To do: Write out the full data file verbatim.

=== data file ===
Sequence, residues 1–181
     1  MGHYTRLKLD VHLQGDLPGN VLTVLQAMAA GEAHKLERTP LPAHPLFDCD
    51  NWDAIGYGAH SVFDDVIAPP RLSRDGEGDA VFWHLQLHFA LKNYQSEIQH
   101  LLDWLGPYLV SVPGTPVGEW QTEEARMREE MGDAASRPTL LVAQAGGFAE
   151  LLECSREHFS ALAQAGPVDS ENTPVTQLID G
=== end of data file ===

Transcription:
Sequence, residues 1–181
     1  MGHYTRLKLD VHLQGDLPGN VLTVLQAMAA GEAHKLERTP LPAHPLFDCD
    51  NWDAIGYGAH SVFDDVIAPP RLSRDGEGDA VFWHLQLHFA LKNYQSEIQH
   101  LLDWLGPYLV SVPGTPVGEW QTEEARMREE MGDAASRPTL LVAQAGGFAE
   151  LLECSREHFS ALAQAGPVDS ENTPVTQLID G